We're 'resizing' not downsizing


“Please don’t ask me to ‘downsize" - Shirley Wyatt of Fothergill Wyatt Estate Agents encourages seeing downsizing as ‘resizing'

Heading for the age when working full time may soon come to an end gives life to a range of mixed emotions. Glad that the end is in sight, retirement brings enthusiasm about what will get you out of bed in the morning, excitement at the prospect of finally having the time to do all those projects, and maybe welcome a more leisurely pace of life.

My family home of 29 years represents a lifetime of memories cosseted between sizable walls. Stuffed full of things-to-do when we retire and an overflow of clutter acquired over the years, and hidden away in drawers and cupboards, in the garage, attic and shed are treasured trinkets of family experiences. The children have grown and left some time ago and we two happily chug along in this huge space. Then, suddenly, friends and family started using the D-word.

My head tells me of course there are many sensible reasons why we don’t need all this space: reduced bills, reduced workload of keeping and maintaining the house, and we don’t need all the clutter. It’s possible to release cash to be able to travel, buy a new kitchen, or invest for real old age. But please don’t ask me to downsize!

We don’t need the extra bedrooms and running costs but we do still want the downstairs space. We aren’t old. We still want all the family and friends to come and eat, play, stay and celebrate special times in our home. We want the grandchildren to come and mooch and do what children do having enough space to do it in without falling over them or feeling you’re constantly tidying up to prevent an accident waiting to happen. We still want a big kitchen, the craft room, the man den, and the shed. We are not ready to surrender all our living space and carefully collected clutter that defines us.

Well, we found the solution – it wasn’t easy, but a little less painful. When most would say we have ‘downsized’, we say we have ‘resized’. The house we now live in is smaller; as are the bills and maintenance costs. Fewer bedrooms, same size garden and room to create the downstairs living space we want. It’s a different shape and style and enough money has been released to be able to create a new comfortable home that can still embrace friendly invasions. The beautiful Edwardian hot property featured in this issue is a good example of a home that someone may consider ‘resizing’ from.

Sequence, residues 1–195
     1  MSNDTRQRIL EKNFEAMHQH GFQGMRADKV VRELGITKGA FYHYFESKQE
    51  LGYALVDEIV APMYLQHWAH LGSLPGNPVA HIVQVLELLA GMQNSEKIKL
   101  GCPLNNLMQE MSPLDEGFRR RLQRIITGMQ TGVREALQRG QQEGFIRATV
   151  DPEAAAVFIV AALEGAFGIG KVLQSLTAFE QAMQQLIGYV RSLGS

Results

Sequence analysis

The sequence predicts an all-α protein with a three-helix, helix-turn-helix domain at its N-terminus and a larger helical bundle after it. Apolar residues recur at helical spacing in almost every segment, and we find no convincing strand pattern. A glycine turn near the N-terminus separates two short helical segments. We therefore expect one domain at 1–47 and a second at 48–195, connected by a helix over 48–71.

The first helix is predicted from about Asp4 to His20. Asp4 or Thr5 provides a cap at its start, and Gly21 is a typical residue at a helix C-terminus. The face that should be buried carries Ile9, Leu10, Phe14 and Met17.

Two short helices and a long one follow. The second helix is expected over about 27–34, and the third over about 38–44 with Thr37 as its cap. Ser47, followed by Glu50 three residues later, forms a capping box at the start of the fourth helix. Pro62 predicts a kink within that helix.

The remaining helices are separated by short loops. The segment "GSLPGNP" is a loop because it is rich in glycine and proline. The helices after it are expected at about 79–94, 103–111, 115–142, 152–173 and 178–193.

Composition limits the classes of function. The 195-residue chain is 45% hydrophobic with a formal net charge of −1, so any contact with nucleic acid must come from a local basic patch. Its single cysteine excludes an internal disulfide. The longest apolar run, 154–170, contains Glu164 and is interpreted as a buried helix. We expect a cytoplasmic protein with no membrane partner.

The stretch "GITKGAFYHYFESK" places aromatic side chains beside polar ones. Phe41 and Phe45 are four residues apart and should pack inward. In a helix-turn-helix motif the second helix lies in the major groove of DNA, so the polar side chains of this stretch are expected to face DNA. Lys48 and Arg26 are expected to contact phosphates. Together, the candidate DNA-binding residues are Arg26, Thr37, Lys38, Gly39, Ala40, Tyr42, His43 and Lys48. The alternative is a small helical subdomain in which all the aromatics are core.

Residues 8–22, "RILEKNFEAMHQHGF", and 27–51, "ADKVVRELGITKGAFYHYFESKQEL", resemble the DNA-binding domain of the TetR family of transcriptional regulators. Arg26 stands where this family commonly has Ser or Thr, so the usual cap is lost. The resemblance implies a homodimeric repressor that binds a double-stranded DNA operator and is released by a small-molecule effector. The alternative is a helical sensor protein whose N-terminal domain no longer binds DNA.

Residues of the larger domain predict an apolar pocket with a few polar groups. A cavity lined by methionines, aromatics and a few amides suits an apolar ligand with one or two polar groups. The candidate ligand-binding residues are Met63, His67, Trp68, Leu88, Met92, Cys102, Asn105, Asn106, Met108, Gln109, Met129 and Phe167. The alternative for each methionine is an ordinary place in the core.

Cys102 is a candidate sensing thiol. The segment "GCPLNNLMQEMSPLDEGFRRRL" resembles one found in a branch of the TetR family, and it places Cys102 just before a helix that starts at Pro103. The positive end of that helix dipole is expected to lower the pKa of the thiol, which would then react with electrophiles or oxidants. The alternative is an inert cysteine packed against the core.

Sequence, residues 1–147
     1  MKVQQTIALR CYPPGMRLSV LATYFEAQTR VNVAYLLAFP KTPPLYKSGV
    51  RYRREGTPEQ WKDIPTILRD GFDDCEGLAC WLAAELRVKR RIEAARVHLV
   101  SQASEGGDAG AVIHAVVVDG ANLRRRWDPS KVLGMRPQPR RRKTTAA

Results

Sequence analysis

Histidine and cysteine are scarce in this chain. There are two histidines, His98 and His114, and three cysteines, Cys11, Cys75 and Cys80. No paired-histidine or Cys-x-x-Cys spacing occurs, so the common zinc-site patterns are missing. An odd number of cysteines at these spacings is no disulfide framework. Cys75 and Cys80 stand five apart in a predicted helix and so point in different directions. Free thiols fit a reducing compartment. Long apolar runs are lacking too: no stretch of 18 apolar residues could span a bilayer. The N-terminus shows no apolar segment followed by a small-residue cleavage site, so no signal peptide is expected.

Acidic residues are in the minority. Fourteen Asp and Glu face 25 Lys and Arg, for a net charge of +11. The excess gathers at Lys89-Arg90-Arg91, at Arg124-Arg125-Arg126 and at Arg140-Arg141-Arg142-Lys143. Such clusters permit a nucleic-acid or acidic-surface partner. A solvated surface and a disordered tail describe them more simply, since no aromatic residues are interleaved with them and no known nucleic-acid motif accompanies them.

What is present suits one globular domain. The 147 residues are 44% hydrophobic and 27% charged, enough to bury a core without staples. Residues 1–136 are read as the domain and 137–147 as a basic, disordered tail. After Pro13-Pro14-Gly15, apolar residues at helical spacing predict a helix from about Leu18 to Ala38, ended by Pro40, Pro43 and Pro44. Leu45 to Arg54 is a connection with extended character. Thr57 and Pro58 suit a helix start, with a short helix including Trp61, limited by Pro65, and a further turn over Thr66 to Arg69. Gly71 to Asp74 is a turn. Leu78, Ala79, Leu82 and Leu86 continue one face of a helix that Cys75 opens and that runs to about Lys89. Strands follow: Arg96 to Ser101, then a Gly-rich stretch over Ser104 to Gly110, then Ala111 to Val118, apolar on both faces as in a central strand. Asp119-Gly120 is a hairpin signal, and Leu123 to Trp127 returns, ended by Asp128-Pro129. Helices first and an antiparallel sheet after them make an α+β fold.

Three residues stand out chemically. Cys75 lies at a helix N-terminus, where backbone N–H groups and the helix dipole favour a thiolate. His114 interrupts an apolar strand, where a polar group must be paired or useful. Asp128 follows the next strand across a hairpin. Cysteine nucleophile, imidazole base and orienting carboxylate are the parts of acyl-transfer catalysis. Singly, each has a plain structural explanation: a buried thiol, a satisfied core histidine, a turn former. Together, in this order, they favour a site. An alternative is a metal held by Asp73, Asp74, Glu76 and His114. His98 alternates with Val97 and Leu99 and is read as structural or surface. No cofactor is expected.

Our tips for ‘resizing’

Before going to market:

Take advice about key maintenance/repairs and do what is necessary – you will recover costs through being able to sell for a better price

Start decluttering as soon as you can – it can be an emotional rollercoaster. The process of deciding what you need, want and really need may take some time and a couple of stages to ease the pain of letting go

Accept any offers that come your way; help with tidying, repairs, packing – it really does take longer than you think

Find out all the extra costs in advance so it doesn’t come as a shock – repairs, cleaning and gardening, solicitors (fees for selling and buying), estate agent (a good one is worth every penny), stamp duty, removals, surveyor

If you can’t face:

  • eBay, get a youngster to do it for you

  • another trip to the charity shop, they will collect it for you

  • another trip to the tip, pay someone to do it for you

When you’re ready to go to market:

Sign up for reputable estate agents’ mailing lists – you get priority notifications of new properties coming on the market

Pay for someone to do a deep clean just before you put your house on the market

Tidy the garden (one ton of fresh gravel direct from the merchant isn’t expensive and gives a fresh and neat look to the pathways and borders)

Clear all surfaces of ‘stuff’ before viewings (they don’t look in cupboards); add fresh flowers; don’t cook food with smells that linger beforehand

About your new home:

Be selective about whose advice you ask for – it’s emotional and it helps to have someone who can look objectively rather than expressing a view of what they think you should move in to

As soon as you have a move date, book removals and get the boxes for packing straight away – it takes longer than you think

Once completion date is agreed get started on change-of-address paperwork, driving licence and car registration, bank, workplace, pension(s), council tax, electoral roll etc.

Book post office redirection well in advance

Investigate setting up a new bank account (or two if your sale goes well) to house the equity released from your property to be sure you are covered by the FSCS and to give yourself time to decide exactly what you want to do with it

Anticipate what needs to be done immediately in the new house to make it work for you i.e. fitting washing machines, broadband, phone, and utilities – book contractors in advance so you can get settled as soon as possible

Find out, in advance, about rubbish collection and recycling – you might want to book a skip – a lot of rubbish gets generated by the move

The best advice our solicitor gave us was; once you know where the Christmas tree will go you will know you have found the right home


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